It gets worse
Dr. V did remain Dr. C’s direct supervisor and the chair of her tenure committee, and in June 2013, her fears became reality: Dr. V wrote a negative performance evaluation and submitted it to the dean’s assistant without giving Dr. C the opportunity to submit a rebuttal, as was protocol. Dr. V. also falsely claimed in the cover letter he submitted with the evaluation that Dr. C had failed to sign and return her evaluation.
Fortunately, the tenure committee determined that Dr. C’s performance “far exceeded” Dr. V’s evaluation. Dr. C requested that UNE remove Dr. V as the chair overseeing her application for tenure. UNE agreed, but Dr. V. remained her supervisor.
In September 2013, before a tenure decision was made, Dr. C reported that Dr. V came up behind her in the parking lot while she was speaking with a student and “rubbed [her] shoulder and upper back in an [unwelcome] manner.” The HR director investigated.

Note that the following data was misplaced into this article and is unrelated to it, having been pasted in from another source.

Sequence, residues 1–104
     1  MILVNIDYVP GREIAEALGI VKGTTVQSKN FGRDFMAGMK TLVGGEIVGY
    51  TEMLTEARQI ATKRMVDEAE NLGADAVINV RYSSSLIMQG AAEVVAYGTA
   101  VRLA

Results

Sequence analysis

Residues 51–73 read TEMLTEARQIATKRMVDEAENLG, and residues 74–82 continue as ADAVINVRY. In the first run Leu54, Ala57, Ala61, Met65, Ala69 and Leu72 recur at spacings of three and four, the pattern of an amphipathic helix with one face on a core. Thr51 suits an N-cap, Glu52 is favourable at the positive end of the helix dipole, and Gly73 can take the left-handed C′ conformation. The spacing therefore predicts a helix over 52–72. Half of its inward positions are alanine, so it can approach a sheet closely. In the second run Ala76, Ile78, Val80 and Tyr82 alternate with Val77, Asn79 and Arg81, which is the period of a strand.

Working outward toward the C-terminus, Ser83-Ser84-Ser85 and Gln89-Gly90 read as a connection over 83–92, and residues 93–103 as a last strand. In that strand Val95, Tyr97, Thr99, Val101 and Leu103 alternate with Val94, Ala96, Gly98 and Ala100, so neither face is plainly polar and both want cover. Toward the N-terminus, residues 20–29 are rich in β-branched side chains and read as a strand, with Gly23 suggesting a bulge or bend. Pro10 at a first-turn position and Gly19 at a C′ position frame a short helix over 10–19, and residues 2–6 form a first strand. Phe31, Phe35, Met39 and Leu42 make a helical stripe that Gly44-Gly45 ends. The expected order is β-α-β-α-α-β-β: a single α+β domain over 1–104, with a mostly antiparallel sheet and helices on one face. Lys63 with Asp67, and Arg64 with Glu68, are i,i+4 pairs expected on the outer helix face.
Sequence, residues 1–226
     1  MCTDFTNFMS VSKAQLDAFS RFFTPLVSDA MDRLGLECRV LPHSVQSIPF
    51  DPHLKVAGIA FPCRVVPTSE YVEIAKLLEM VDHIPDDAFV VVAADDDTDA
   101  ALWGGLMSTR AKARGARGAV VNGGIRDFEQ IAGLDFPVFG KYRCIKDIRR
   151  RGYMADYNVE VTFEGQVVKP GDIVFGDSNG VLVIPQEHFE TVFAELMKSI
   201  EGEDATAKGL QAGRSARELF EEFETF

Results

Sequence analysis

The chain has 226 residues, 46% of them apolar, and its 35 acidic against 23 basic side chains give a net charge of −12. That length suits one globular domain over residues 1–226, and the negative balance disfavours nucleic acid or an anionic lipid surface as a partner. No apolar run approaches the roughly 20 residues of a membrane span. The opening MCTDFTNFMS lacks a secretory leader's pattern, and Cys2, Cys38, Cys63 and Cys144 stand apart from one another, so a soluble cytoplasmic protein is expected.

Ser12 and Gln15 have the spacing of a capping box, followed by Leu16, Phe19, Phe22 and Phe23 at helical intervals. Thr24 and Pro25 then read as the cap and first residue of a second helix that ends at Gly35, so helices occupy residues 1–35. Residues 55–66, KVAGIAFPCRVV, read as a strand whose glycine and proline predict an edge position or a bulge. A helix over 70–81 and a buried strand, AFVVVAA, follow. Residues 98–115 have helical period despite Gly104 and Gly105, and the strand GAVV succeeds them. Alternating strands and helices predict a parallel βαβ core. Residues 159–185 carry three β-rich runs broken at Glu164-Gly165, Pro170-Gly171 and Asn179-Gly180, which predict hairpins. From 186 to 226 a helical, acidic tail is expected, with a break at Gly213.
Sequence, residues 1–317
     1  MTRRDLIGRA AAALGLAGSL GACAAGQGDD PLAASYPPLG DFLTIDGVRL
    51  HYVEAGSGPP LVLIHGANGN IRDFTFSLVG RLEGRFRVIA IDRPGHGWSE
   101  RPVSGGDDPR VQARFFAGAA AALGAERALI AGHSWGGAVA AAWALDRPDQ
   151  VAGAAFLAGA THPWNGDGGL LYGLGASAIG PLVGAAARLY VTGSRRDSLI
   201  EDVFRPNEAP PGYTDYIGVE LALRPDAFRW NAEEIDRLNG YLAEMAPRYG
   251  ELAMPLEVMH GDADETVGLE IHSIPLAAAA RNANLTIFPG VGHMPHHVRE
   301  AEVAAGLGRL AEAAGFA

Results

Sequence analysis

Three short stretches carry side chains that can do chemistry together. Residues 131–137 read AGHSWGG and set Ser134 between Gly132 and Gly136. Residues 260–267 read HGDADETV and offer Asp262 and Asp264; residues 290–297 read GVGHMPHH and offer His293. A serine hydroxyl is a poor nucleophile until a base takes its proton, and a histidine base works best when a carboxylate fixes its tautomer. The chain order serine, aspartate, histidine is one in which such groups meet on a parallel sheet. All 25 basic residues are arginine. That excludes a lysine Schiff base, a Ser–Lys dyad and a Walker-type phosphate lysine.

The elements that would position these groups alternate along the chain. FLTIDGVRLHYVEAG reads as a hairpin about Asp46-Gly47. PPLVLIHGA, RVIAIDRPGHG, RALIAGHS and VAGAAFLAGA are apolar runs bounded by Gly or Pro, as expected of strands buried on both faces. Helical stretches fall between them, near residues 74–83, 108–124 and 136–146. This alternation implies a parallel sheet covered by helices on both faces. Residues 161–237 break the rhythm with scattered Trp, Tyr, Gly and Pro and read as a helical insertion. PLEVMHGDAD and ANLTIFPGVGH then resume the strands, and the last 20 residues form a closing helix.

A student who witnessed the interaction endorsed Dr. C.’s version of the incident, adding that Dr. V. had a “reputation among students of being creepy around women.” The HR director also interviewed a subordinate of Dr. V. who was also present. The subordinate was “not paying close attention” and “did not recall” any touching. Based on those reports, the HR director concluded that no sexual harassment had occurred.
A new dean replaced the dean who had concluded in 2012 that Dr. V had engaged in sexual harassing behavior toward Dr. C. The new dean stated that she had no knowledge of Dr. C.’s complaints about Dr. V. from September 2012 and September 2013 or that UNE had concluded that Dr. V.’s conduct in 2012 was sexual harassment.
And then it gets even worse
In the fall of 2013, Dr. V. took two actions against Dr. C. that undermined her professionally. First, he caused her to be removed as the head of UNE’s College Bowl team. Dr. C had not only founded the team when she began working at UNE in 2009, but she had led it with success. Dr. V contrived a justification for the decision to remove her that later proved to be false. Second, he changed the process for admission of nonmajors to her courses, which resulted in a number of students being denied enrollment.